1. No, Bill Gates would now have $130 billion more than me, when he now has only $65 billion more than me.

        1. But he might still only have a million times as much as you.

          1. The difference would double.

            1. Inequality is measured in ratios, not absolute values.

              If both sides of a ratio are multiplied by the same value, the ratio remains constant.

              Thus, doubling all wealth has zero effect on inequality of wealth.

              1. “Inequality is measured in ratios, not absolute values.”

                Incorrect, inequalities are measured in whatever method and using whichever baseline best advances the progressive who is talking about them’s agenda

                1. Incorrect, inequalities are measured in whatever method and using whichever baseline best advances the progressive who is talking about them’s agenda

                  That makes more sense.

                2. ^^This. Differences in wealth are all that matter to the progtards. The point that doubling everyone’s wealth doubles the differences in wealth, further reinforces their stupidity.

              2. Inequality is measured in ratios, not absolute values.

                Learn something new every day.

              3. “Inequality is measured in ratios, not absolute values.”

                That’s just about the most obtuse, impractical, and ridiculous thing I’ve read in a while. It points out how ludicrous the whole subject is. If everybody became billionaires, who would give a shit if some folks were quadrillionaires. I mean really: could that way of viewing the world be any more pinched and asinine?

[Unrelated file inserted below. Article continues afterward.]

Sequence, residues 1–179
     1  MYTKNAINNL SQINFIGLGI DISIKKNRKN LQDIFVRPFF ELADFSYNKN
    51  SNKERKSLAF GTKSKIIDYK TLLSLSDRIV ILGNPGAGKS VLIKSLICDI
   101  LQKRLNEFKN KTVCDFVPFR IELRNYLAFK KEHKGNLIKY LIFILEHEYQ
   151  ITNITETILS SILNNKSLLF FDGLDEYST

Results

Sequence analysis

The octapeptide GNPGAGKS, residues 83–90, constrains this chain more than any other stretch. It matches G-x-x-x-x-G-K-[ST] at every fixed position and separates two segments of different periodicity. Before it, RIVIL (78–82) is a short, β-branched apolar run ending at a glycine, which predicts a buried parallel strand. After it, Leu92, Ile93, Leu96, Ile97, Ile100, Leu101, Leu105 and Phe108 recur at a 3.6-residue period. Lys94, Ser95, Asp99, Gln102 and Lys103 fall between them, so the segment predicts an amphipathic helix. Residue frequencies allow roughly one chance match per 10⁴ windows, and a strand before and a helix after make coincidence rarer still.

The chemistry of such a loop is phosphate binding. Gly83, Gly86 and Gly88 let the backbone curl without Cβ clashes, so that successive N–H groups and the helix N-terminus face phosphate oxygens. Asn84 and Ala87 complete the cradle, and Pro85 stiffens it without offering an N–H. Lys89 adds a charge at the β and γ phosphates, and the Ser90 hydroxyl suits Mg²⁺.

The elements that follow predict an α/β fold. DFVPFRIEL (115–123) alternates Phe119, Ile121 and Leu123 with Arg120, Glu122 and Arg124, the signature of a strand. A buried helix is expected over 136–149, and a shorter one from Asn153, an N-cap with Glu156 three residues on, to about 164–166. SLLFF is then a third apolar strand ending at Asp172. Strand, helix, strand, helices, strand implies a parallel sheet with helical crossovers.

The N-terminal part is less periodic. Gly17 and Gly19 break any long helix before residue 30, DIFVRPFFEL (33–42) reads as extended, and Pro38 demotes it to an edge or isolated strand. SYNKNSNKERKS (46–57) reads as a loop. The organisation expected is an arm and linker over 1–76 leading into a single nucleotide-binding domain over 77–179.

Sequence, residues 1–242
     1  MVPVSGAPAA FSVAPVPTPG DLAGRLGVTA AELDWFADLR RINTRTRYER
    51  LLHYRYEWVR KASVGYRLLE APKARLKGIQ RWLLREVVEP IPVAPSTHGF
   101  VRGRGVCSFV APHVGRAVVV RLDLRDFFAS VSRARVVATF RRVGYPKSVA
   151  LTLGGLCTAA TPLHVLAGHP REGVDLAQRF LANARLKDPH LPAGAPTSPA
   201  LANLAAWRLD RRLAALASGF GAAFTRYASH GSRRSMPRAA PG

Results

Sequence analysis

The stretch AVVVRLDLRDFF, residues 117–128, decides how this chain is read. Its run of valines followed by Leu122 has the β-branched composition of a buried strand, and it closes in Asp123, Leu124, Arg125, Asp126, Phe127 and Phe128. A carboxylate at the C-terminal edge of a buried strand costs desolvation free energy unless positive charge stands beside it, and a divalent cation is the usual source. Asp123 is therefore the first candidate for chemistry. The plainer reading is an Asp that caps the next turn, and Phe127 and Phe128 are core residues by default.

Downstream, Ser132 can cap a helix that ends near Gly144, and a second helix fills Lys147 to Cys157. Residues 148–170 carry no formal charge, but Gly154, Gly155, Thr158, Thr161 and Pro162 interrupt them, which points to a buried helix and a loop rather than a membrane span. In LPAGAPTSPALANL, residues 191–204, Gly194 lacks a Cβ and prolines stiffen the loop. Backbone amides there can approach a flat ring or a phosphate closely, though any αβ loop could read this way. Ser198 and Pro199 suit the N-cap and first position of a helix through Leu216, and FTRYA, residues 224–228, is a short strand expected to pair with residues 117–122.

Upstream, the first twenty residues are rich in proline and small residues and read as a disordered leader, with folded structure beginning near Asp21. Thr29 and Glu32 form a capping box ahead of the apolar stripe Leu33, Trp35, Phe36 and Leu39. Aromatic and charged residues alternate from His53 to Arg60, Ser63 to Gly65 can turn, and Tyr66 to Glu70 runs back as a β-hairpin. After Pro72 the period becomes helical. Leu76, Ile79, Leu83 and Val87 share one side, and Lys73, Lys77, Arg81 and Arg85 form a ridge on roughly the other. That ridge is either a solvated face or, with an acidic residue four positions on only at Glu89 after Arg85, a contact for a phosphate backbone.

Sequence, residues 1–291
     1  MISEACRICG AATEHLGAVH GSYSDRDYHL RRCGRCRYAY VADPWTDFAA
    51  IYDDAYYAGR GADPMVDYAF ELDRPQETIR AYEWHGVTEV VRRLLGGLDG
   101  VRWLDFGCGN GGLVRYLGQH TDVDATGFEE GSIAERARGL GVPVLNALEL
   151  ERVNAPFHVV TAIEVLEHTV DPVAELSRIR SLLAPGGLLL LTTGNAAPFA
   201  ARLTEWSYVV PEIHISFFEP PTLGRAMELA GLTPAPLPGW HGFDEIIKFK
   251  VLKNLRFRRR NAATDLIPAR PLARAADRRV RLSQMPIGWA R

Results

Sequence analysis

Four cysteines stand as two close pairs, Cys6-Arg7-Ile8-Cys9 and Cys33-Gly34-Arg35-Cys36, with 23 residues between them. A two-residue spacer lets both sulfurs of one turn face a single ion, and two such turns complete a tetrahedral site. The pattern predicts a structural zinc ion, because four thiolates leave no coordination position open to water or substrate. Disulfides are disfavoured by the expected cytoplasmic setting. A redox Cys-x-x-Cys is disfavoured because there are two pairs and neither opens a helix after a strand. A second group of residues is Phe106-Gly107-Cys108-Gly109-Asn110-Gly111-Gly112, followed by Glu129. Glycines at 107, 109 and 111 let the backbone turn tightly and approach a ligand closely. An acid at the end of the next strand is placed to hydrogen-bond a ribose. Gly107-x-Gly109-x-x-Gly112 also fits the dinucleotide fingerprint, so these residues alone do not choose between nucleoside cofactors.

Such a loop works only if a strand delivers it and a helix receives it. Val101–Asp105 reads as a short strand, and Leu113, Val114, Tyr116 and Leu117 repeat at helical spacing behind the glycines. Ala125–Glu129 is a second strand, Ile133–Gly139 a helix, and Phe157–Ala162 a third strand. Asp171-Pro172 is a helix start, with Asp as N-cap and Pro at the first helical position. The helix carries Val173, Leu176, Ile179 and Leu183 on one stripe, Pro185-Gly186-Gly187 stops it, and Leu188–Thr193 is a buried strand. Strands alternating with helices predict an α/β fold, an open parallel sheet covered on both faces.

1. As long as poverty is defined as the bottom quintile, there will always be a bottom quintile of people living in poverty.

      2. If you have 2 and I have 10, the gap is 8. But if you double them 4 to 20, the gap is 16.

        1. But it is still 5:1

          1. yes, i guess it depends on what the idiots are calling a “gap”.

    2. Interesting how government created barriers to economic activity, such as licenses and fees and regulations, weren’t even taken into account.

      Well, of course not. That would suggest that the decline in productivity might not be inevitable, which is what Gordon seems out to show. And this winds up crucial, as said inevitability is necessary to drive various redistributive schemes.

    3. The Saez inequality study has been thoroughly debunked. Your point is spot on: if I make $100K per year and get a 3% raise, somebody making $25K per year needs a 12% raise just to keep our “income inequality” constant. Like the distance between galaxies in an expanding universe, it is a mathematical identity that income inequality will always grow.

      But progressives don’t do math.

  4. It’s quite simple, really. The U.S. economy has a parasite. It’s had one for a long time, but the parasite is now so big that the economy can no longer shrug off its effects.

    1. +1 Liver Fluke

    2. It’s those damn racist Rethuglicans with their unprecedented War on Womenz, isn’t it?

    3. Shrug off its effects?

      The U.S. economy can no longer move due the weight of the parasite. Its laying facedown and breathing its last breath.